On 7 May 2020, the Centre for Human Rights, University of Pretoria, held the third in a series of discussions with Centre alumni, students and staff. These discussions deal with the potential and actual impact on human rights and democratisation of COVID-19 in Africa. The discussion was held in Zoom.
Theme 3: Economic and trade-related impact of COVID-19 in Africa
Chair: Dr R. Jonathan Kabre
Postdoctoral Fellow; Programme Manager: International Trade and Investment Law in Africa (TILA), International Development Law Unit, University of Pretoria
- Chenesai Mukora-Mangoma (TILA 2013)
The impact of COVID-19 on the AfCFTA: a community-based approach
- Kate Munuka (TILA 2014)
The impact of COVID-19 on responsible investing in Africa
- Aisha Ally Sinda (TILA 2010)
The impact of COVID-19 on employers’ rights and obligations
Brief presentations by panelists were followed by questions and discussions by participants.
COVID-19 knows no boundaries. It is affecting the whole world, including Africa. Although the pandemic has been late in fully surfacing on our continent, it is increasingly clear that African countries will not remain unaffected. Many countries have taken measures to restrict freedom of movement (through ‘lockdowns’) and have taken other measures to curb the spread of the disease. Already, examples of excessive measures with a disproportionate impact on marginalised groups, and measures exploiting the situation to mask authoritarian tendencies have emerged. There is a need to explore these issues in depth, and from a comparative perspective.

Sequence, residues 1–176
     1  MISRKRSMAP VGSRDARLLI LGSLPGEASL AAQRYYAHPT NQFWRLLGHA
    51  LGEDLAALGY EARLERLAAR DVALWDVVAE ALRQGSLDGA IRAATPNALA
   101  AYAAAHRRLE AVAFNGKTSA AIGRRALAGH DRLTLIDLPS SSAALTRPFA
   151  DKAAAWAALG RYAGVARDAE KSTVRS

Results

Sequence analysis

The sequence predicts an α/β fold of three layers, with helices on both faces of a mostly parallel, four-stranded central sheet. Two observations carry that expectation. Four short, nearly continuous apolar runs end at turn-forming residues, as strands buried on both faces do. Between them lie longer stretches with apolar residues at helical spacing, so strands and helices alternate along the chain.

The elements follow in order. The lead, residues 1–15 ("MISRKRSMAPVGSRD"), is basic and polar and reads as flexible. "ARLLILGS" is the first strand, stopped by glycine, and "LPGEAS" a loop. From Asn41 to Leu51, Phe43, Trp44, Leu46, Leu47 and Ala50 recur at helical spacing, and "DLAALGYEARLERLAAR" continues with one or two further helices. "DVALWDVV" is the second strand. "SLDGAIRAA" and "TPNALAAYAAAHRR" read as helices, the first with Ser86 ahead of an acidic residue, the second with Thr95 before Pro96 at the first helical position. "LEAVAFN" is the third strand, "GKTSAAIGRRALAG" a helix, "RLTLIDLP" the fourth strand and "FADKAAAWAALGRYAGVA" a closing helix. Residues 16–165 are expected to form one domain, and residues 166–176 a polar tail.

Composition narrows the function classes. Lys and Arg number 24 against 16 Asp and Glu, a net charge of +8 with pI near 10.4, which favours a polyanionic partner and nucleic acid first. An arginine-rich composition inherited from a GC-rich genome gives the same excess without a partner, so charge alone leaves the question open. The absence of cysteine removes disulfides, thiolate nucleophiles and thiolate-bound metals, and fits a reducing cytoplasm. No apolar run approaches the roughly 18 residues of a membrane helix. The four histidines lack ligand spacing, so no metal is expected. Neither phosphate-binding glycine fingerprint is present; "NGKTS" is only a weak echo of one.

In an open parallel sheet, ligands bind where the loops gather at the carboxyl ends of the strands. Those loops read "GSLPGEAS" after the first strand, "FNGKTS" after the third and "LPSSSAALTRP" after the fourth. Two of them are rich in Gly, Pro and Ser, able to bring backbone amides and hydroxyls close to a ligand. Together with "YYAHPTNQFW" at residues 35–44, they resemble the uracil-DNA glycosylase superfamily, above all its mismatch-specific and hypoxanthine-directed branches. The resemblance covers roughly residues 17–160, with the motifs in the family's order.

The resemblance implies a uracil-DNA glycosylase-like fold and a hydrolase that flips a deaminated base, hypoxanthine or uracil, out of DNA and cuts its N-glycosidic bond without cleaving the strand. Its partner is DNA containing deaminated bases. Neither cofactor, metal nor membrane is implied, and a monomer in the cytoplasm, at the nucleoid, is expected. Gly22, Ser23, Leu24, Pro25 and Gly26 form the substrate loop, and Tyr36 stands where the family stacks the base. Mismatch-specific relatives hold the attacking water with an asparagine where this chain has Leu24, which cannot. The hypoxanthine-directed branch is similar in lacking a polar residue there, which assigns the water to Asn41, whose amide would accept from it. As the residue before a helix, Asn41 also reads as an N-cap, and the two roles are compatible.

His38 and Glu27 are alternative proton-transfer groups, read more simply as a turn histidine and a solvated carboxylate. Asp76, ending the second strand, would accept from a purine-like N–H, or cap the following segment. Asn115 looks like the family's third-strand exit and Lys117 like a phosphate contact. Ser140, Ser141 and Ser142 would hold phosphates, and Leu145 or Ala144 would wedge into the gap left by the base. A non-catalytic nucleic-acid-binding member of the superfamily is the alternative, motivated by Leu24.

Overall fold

Tapping into the existing network of Centre alumni in programmes dealing with human rights and democratisation (Human Rights and Democratisation in Africa-HRDA; and Multidisciplinary Human Rights-MDHR), sexual and reproductive rights (Sexual and Reproductive Rights in Africa-SRRA), rights of persons with disabilities (Disability Rights in Africa-DRIA), and trade and investment in Africa (International Trade and Investment Law in Africa-TILA), will enable a comprehensive, African-focused, varied and multi-disciplinary perspective on the issue. As alumni are working in various African countries, and are exposed to different facets of the pandemic, sharing experience will be an opportunity (i) to take stock of and identify trends based on what is happening across the continent; and (ii) to learn from each other; (iii) devise joint and individual strategies. Involving our alumni and students in the round tables will also allow greater solidarity and a sense of a shared circumstance and purpose.
For more information, please contact: